A public contest can be a great promotional tactic to drive fans to your Facebook page. Fans love to interact on a public and social level with their favorite companies, brands or celebrities. Competing for a prize, a chance to meet a celebrity or contributing to a cause keep customers interacting on Facebook. However, not all fans are good fans. Recent reports on new trends of Facebook “pranking” indicate some Facebook followers are not taking part in contests to win, but to simply hijack the power.
Pitbull Sent to Perform to Alaska Wal-Mart
Wal-Mart recently promoted a product using American rapper, Pitbull. The plan was to ask fans to vote for their favorite Wal-Mart store, after which Pitbull would perform at the winning location. Sounds simple, right? Well, leave it to online pranksters to ruin a little friendly competition. An online army of 71,000 Pitbull non-fans voted for the rapper to perform at the most remote Wal-Mart location in Alaska, essentially banishing him from the spotlight. In other words, the Facebook contest took an ugly turn thanks to Facebook pranksters.
Taylor Swift Voted To Sing For Students With Hearing Problems
Similarly, textbook rental company Chegg orchestrated an online contest to promote a performance by pop/country superstar, Taylor Swift. Fans of the singer and textbook company alike voted for their school or university to win the sought-after performance accompanied by a $10,000 prize. In a comedic attempt to seize the contest, a group of online voters elected Horace Mann School for the Deaf and Hard of Hearing in Boston to win the prize – Another seemingly innocent fan-based contest gone awry.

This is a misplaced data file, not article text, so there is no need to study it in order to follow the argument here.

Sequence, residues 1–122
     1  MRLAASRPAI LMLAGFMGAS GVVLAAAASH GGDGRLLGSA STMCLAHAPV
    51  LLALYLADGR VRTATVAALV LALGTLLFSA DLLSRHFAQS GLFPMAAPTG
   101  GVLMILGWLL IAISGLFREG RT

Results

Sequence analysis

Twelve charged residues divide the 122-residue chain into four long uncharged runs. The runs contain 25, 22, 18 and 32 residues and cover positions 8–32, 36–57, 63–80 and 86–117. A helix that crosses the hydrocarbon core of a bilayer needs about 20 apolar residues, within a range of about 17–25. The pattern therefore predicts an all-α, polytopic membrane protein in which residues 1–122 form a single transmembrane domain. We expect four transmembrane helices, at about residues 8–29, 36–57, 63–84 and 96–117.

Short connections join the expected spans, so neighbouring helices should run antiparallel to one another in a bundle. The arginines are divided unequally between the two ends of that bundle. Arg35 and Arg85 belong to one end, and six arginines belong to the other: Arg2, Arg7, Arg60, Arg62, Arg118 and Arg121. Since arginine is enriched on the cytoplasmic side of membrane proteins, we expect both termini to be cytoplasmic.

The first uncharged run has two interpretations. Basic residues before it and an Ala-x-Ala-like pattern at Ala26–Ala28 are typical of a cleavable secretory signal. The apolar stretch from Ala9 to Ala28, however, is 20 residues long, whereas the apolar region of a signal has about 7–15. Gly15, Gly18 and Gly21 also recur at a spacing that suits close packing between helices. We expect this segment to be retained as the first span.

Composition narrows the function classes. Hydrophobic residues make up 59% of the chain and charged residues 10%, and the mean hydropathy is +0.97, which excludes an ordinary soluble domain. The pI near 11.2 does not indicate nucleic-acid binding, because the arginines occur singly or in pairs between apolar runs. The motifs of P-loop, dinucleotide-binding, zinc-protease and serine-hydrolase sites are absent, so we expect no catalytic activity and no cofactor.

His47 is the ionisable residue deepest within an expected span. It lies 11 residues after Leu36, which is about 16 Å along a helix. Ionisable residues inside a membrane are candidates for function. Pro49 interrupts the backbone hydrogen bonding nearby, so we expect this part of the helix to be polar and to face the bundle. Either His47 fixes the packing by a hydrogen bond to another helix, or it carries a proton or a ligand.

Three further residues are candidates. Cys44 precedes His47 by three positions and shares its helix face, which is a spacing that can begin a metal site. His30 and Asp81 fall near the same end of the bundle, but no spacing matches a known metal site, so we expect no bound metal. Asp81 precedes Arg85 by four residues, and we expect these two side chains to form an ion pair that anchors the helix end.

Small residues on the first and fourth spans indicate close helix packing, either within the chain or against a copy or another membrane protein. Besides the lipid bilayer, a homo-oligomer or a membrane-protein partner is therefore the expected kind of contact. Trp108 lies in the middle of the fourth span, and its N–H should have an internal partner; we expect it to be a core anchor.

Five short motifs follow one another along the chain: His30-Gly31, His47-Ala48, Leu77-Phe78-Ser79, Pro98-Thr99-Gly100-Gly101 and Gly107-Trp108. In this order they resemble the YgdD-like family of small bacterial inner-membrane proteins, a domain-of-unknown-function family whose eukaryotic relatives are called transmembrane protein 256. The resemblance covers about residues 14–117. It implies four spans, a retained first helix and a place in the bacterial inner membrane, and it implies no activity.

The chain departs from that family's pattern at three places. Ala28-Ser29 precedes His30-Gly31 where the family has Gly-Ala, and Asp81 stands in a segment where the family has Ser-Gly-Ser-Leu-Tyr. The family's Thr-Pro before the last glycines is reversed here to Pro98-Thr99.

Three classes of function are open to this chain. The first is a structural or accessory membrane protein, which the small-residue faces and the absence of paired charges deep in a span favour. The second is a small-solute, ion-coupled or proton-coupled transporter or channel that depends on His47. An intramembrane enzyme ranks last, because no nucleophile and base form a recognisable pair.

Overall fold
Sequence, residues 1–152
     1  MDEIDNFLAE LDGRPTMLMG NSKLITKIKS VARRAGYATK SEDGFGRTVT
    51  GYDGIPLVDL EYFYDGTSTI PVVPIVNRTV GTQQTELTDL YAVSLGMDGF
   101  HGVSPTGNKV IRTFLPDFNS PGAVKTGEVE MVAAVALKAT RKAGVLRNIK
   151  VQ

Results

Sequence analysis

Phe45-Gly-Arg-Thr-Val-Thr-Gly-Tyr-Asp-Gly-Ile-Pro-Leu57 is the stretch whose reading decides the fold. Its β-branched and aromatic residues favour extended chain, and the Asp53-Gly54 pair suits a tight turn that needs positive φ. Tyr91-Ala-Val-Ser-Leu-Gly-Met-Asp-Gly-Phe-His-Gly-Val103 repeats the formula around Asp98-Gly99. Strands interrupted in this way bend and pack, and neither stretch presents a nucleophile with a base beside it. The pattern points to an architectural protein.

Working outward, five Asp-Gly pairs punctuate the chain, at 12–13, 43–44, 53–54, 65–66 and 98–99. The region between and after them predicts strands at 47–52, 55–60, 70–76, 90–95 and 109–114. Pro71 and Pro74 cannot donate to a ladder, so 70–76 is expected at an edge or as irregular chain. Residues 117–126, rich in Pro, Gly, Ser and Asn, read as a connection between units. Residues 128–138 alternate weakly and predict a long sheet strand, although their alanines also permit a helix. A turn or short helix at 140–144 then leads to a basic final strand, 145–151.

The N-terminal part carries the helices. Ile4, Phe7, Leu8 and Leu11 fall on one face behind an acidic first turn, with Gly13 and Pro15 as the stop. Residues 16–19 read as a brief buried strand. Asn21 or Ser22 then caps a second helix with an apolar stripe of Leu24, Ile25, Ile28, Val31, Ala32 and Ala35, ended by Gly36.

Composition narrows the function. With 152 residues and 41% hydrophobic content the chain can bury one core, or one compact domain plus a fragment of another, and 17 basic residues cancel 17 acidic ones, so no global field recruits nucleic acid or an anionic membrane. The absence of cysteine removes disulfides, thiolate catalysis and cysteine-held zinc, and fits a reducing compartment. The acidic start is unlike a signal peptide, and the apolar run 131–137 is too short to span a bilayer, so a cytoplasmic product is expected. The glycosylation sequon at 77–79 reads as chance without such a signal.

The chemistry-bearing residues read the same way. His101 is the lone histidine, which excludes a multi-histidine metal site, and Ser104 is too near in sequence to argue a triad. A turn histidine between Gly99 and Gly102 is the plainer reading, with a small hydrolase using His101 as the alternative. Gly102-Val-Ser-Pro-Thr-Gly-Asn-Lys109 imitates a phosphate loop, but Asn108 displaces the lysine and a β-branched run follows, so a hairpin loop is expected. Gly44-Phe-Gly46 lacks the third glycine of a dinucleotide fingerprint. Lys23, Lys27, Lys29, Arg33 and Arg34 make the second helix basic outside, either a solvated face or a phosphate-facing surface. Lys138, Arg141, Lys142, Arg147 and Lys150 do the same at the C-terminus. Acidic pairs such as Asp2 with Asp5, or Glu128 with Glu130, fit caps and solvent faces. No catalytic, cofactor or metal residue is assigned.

Fans Not Taking Mountain Dew Seriously
In an effort to name a new beverage from Mountain Dew, the company turned to the online community to gain ideas from fans. The naming contest turned somewhat ridiculous when the entries became anything but serious. The Mountain Dew competition became flooded with names like, “Most Nugget” and “DickButt,” which are obviously unrelated to the product at hand. Consequently, the goal of the contest is jeopardized when such outrageous posts are more prevalent than serious suggestions.
While online pranks are nothing new and are more than likely here to stay, contest hijackers can create an unwanted distraction from the intent of the campaign. Companies can receive a surplus of superfluous data when pranksters take over, but they can also receive a lot of free publicity when the prank goes viral. In the end, Pitbull decided to go to Alaska after all, making the most out of a joke, for himself, Walmart and the people of Kodiak, Alaska, who may not, otherwise, have had this opportunity. Pitbull is even excited to go to Kodiak, and invited the people who turned the contest into a joke to join him in the rural Alaska town.
Listen To Your Fans
There isn't a lot that companies can do to avoid the pranksters, apart from strict Terms and Conditions regarding their contests, but these may also serve to reduce rather than increase engagement. Companies shouldn't run competitions unless they are prepared to dedicate sufficient resources to encourage and maintain interest throughout the contest period. They need to be moderated with constant ‘listening’. Socialbaker tools like Listening Pro and the upcoming Builder 2.0 are perfect for this kind of monitoring and publishing. As the actual point of any social media contest is to increase brand awareness and engagement and build a larger, more dedicated fan base, even pranksters can help rather than hinder that effort, as was the case with Pitbull and Walmart. So, the lesson is, if your contest gets hijacked, be a good sport about it: the only bad publicity is no publicity.